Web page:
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Tips to Help You Transition into a New Specialty Job

Tips to Help you Transition to a New Specialty Job

Starting a new job can be an exciting and anxiety provoking time for even the most seasoned clinician. This can be especially true when your new job involves changing specialties where you must adapt to new procedures, policies, and practice styles. To increase your chances for a smooth transition into your new job, consider using some of these strategies.   

Clarify Expectations

To set yourself up for success, it is essential to clearly understand what will be required of you at your new job. Before you start your first day ensure that you are on the same page as your new employer by clarifying their expectations regarding: 

  • Job Performance- It is vital to understand the details of the position and how your efforts will be evaluated by your new employer. To clarify this consider inquiring about topics like:

How many patients a day are they expecting you to see. 

What are the policies regarding double bookings and work-in patients?  

Will you be working in a highly autonomous setting? If so, will there be a Physician readily available for consultation. 

What procedures will you be performing and is there any training available.

What deliverables are you being judged on? i.e. Patient volume, RVU’s etc.

  • Administration Issues- Be sure to also explore admin issues such as scheduling, paid time off, CME reimbursements, clinic coverage, and call taking policies.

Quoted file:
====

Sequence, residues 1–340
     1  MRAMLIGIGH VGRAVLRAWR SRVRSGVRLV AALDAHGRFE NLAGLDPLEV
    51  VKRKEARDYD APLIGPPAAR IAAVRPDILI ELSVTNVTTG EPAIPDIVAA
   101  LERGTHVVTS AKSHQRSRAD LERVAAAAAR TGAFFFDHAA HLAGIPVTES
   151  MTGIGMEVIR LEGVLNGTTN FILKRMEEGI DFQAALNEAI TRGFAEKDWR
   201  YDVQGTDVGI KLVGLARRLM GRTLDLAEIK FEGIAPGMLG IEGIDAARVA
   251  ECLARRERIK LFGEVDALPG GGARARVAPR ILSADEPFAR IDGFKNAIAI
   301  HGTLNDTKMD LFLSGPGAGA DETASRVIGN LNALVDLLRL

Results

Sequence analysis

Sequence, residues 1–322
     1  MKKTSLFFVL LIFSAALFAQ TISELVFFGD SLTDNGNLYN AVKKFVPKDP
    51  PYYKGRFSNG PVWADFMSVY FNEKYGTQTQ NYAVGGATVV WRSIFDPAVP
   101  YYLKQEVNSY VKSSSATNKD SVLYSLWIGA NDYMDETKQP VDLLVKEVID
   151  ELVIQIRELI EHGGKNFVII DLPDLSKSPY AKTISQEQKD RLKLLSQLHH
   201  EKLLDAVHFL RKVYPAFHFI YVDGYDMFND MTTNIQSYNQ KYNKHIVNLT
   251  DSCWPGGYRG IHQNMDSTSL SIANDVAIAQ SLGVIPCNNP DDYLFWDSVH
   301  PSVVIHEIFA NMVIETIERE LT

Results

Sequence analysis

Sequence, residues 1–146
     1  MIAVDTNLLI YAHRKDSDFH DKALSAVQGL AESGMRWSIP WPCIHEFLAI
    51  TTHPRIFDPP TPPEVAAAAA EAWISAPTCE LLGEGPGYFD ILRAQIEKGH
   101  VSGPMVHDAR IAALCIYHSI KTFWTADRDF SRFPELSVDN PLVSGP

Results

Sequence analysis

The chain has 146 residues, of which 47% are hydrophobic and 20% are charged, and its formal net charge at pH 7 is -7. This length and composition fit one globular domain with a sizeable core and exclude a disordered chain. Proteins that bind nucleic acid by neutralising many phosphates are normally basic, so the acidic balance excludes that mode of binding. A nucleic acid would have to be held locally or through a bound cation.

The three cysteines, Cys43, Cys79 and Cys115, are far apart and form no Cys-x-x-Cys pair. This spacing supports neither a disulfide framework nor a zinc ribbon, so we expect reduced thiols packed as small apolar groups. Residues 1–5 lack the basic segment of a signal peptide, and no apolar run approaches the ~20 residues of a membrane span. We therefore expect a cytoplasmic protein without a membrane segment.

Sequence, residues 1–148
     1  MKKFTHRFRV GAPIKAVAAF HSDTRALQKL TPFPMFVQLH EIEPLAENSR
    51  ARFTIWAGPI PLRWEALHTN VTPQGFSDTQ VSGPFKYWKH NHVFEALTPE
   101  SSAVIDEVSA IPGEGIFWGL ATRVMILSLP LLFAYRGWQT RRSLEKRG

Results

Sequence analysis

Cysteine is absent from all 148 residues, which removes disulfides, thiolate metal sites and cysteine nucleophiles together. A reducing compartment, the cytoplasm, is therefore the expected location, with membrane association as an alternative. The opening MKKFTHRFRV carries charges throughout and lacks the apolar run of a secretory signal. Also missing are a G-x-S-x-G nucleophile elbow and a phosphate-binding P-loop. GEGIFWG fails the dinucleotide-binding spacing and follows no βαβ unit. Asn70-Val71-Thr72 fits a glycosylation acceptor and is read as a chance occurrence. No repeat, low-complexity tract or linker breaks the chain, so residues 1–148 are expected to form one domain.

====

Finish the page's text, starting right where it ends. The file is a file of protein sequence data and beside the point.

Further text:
Do Some Shadowing 

A day of job shadowing can provide valuable insights into how an organization operates and what skillsets will be required. Shadowing also allows you an opportunity to focus on observing the clinic without the added distractions of juggling a new EMR, meeting staff and making clinical decisions. You can observe clinic workflows, procedures, and staff, while identifying possible problem areas you may encounter. This knowledge will help make your transition smoother and set you up for better relationships with your new colleagues that you can call on for consultation down the road. 

Talk to Clinicians Working in the Specialty

The more information you have, the easier the transition will be. Talk to colleagues you know that work in the specialty about what their experiences have been and if they have any pertinent tips you can use. Even better, try contacting to the Practitioner that worked in the position prior to you about their experiences and what insight they have about the job that can help you smoothly adapt to the practice.

Draw on Your Experience

A new specialty might not be as foreign as you think, when you take into consideration past clinical experiences, both paid and unpaid. Ask yourself if there were any clinical rotations during school or specialized training you may have received prior to becoming an Advanced Practitioner that might be applicable? Many Nurse Practitioners and Physician Assistants worked as allied health professionals prior to assuming their current role and forget that some of those skill sets could be relevant to their new specialty.  

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